Who Was Shirley Temple? Google Doodle Honors Hollywood Star Turned Diplomat
Today's Google Doodle celebrates American actor, singer, dancer, and diplomat Shirley Temple.
Google's decision to celebrate Temple on June 9 with a Google Doodle—a special temporary alteration to its homepage logo that commemorates holidays, events, achievements and historical figures—isn't casual.
It was on this date in 2015 that Temple's hometown of Santa Monica, California, opened "Love, Shirley Temple," a special exhibit held at the Santa Monica History Museum featuring a collection of her rare memorabilia.
Born in 1928, Temple was barely six-year-old when she captured the imagination of a nation as she secured a role in the toe-tapping musical Stand Up and Cheer in 1934, a year in which she starred in a dozen movies including Bright Eyes, where she performed On the Good Ship Lollipop, which became to be known as one of her most famous routines.
A year later, Temple received a special Juvenile Academy Award for her outstanding contribution as juvenile performer in movies. By the time she turned 10, Temple had already appeared in 29 different movies and was one of Hollywood's brightest and youngest stars featuring in major commercial hits such as Heidi and Curly Top.
Her success extended beyond the world of cinema, as in 1942 she became the star of Junior Miss, a radio sitcom about a teenage girl growing up in New York City. Her involvement in Hollywood, however, would soon be scaled down as she appeared in just 14 movies between the age of 14 and 21, before retiring from the movie industry in 1950 at the age of 22.
Eight years later, Temple returned to showbiz with the eponymous Shirley Temple's Storybook, a two-season TV series of fairy tale adaptations, which marked her final appearance in the world of entertainment.
Having sat on the board of major U.S. companies and organisations like The Walt Disney Company, Del Monte Foods and the National Wildlife Federation, Temple began a career in public service in 1967, when she unsuccessfully ran as a Republican candidate in a special election in California's 11th congressional district to fill the seat left vacant by the late J. Arthur Younger, who had died of leukaemia.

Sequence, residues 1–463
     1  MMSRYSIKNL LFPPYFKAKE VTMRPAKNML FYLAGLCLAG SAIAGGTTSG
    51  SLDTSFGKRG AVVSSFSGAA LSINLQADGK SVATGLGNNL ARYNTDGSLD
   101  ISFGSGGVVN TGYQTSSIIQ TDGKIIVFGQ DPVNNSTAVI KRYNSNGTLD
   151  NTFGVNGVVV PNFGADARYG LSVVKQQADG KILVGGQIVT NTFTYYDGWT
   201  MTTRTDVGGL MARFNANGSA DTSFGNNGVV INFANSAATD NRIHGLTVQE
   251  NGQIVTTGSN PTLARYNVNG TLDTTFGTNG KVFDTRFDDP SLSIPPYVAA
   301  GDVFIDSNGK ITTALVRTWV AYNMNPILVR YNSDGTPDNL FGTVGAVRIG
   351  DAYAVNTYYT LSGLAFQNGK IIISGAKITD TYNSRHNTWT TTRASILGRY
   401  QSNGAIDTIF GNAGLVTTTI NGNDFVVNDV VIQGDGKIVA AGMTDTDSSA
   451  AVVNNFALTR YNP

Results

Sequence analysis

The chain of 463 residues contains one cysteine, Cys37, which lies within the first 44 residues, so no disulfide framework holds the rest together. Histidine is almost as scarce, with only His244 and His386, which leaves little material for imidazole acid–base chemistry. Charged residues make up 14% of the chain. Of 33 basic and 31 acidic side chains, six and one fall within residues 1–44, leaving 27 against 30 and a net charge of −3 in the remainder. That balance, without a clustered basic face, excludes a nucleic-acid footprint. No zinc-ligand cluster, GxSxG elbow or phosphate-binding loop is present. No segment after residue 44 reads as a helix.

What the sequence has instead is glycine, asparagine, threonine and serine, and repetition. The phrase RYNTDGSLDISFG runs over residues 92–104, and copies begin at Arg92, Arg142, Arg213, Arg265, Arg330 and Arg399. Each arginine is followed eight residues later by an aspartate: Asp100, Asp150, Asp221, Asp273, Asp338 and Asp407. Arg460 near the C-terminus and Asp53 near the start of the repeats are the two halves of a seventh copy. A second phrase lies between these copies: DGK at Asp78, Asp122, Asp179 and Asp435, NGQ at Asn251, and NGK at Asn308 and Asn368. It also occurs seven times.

While her bid ultimately fell short, two years later she was appointed to represent the U.S. at the United Nations by President Richard Nixon. In 1974, President Gerald Ford appointed her as the U.S. Ambassador to Ghana, a role she held for just under two years before becoming the first female Chief of Protocol of the U.S. during the Jimmy Carter administration.
Two years earlier, Temple had survived breast cancer and her public disclosure of the disease was credited as a major step towards improving breast cancer awareness.
Temple was again a trailblazer in 1989, when she became the first woman to serve as the U.S. Ambassador to Czechoslovakia after being appointed by President George H.W. Bush. During her three-year spell in the role, Temple witnessed a landmark moment in the history of Czechoslovakia, as the Velvet Revolution brought an end to the Communist rule in the country, as part of widespread movements across the bloc that ultimately resulted in the collapse of the Soviet Union.
In 2006, the Screen Actors Guild presented Temple with its Lifetime Achievement Award, the organisation's highest honor, for her contribution to the movie industry. Eight years later, on February 10, 2014, Temple died aged 85 in Woodside, California.